Dr Payne, Zebrafish and DBA

Dr Elspeth Payne has very kindly agreed to write a short piece telling us a little about herself and her important DBA-related research.

  My name is Elspeth (Beth) Payne and I am a haematologist who trained in Glasgow, Oxford and London. I completed my haematology training in 2006 when I decided I would like to further my understanding of the science behind how blood diseases develop. I moved to the Dana-Farber Cancer Institute, part of Harvard Medical School in Boston, USA where I studied blood development and genes involved in leukaemia development under Professor A Thomas Look. I used zebrafish for my studies. These fish develop a blood system very similar to humans but it only takes them 5 days! They are also completely transparent so you can watch the blood cells developing in real time. I began working on a gene called RPS14 which is known to be involved in the development of a kind of pre-leukaemia. From here I started working on other ribosomal protein genes which as you know are mutated in Diamond–Blackfan Anaemia.  In particular I have been working on the effect of the amino acid Leucine on the development of blood in zebrafish that have lost RPS19 or RPS14.
I am now back in the UK and in July I was awarded an Intermediate Research Fellowship from the Wellcome Trust to start up my own research laboratory continuing some of my work on Diamond-Blackfan anaemia at University College London. I am also the recipient of the Wellcome-Beit prize as part of this fellowship.
Here are some links which summarise some of the research I have done and how I will be continuing this at UCL:

Lost in Translation

Genes are made up of DNA that we inherit from our parents. We have 2 copies of each gene, one from our mother and one from our father. Genes on their own cannot do anything, instead they provide a template, or ‘code’ to make protein. We call the process of making proteins “translation”. Mistakes in the gene code are called mutations. A mutation in a gene leads to abnormalities in the protein that that gene encodes.

You can think about this like letters and words in a book. The letters make up the words, the words make up sentences and sentences make up books. The letters are like the DNA coding letters. A specific sequence of letters makes up a word like a specific sequence of letters makes up an amino acid which are the building blocks of proteins. A specific sequence of words makes up a sentence, like a specific sequence of amino acids makes up a protein. Changing just one letter in a word can make a sentence that means something different or something that makes no sense at all, just like a mutation in a gene can disrupt the function of a protein.

For example:

  • The cat sat
  • The bat sat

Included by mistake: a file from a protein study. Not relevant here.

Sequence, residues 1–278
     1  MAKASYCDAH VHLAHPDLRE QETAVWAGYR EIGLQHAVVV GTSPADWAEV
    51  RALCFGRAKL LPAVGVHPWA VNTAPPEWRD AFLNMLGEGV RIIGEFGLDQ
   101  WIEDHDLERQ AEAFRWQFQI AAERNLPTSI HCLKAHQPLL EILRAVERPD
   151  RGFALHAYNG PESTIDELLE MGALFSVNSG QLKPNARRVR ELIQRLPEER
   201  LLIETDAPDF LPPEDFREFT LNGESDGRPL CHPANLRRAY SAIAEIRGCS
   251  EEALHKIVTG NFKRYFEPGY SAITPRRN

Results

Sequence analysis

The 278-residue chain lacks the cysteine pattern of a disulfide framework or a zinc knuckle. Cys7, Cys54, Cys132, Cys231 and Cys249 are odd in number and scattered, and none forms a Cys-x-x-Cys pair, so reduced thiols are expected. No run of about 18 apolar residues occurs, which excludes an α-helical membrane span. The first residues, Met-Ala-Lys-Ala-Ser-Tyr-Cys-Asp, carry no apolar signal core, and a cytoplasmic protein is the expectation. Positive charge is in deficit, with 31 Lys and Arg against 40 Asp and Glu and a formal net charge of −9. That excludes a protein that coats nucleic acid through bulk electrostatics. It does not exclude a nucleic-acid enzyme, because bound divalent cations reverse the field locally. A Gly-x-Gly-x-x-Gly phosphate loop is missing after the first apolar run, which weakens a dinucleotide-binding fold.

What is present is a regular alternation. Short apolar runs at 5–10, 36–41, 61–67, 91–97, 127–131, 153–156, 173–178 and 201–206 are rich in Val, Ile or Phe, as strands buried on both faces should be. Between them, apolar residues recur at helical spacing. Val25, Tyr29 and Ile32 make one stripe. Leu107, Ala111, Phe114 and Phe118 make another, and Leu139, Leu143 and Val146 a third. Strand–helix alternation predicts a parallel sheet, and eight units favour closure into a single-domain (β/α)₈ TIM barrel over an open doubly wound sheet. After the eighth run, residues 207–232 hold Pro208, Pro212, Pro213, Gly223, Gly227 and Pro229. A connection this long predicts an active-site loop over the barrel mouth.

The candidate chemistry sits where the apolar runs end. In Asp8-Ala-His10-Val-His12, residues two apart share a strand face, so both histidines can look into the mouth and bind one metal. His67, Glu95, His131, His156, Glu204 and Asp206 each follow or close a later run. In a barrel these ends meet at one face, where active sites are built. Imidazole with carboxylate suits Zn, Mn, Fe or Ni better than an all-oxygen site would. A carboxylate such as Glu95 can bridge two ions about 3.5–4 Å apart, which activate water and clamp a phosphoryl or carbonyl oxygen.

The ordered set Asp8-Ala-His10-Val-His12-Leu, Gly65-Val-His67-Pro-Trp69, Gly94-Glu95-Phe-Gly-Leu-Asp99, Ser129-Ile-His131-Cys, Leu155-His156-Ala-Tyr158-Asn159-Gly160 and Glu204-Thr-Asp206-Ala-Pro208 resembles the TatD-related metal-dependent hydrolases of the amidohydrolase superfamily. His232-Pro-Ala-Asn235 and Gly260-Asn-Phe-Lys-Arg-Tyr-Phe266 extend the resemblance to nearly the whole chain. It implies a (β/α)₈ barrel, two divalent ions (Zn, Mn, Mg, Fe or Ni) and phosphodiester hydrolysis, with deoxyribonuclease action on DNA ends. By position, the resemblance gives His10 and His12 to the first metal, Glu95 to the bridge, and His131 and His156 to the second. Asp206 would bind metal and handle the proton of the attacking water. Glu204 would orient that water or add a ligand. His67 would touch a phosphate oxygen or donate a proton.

• The gat sat
  Most of you will be aware that mutations in genes that code for ribosomal proteins have been identified in patients with Diamond-Blackfan anaemia (DBA). The most common mutated ribosomal protein gene is called RPS19. Only one of the two copies of this gene is affected in patients with DBA. The other copy is completely normal. This means that patients with DBA only produce about half of the normal amount of RPS19 protein.

Ribosomal proteins are extremely important for every cell in the body. This is because they form part of the translation machinery (which is called a ribosome) that converts the DNA’s code into amino acids and then proteins. Because of this we think that one of the reasons for anaemia in DBA might be because some proteins are not being made properly. We think that blood cells are especially sensitive to reduced amounts of ribosomal proteins compared to other types of cells.

The first part of my research is to find out which proteins are made in DBA.  I am going to be using a very new method to determine this called “ribosome footprinting”. This method allows a very detailed assessment of which proteins are actively being made. Because most people with DBA are on treatment I will use a zebrafish with DBA instead. We will compare the proteins being made in the normal zebrafish and the DBA zebrafish and then then see if the same is true in DBA patients.

The second part of my research will use DBA zebrafish to test hundreds of new drugs to see if any of them can improve the zebrafish anaemia. We already know that zebrafish with half the normal level of RPS19 are anaemic. Therefore if we can find a drug that stops them from being anaemic this could be a new treatment for DBA. Zebrafish develop their blood system extremely rapidly so we can look at the effects of many drugs in hundreds of tiny zebrafish (less than 2mm long) at only 4 or 5 days after they are born. We already have an idea that this can work because we have tried giving DBA zebrafish the amino acid Leucine and this seems to improve their anaemia.

I believe that we will learn a lot from the zebrafish with DBA and I firmly believe that we can translate this into real treatments for real people with DBA.
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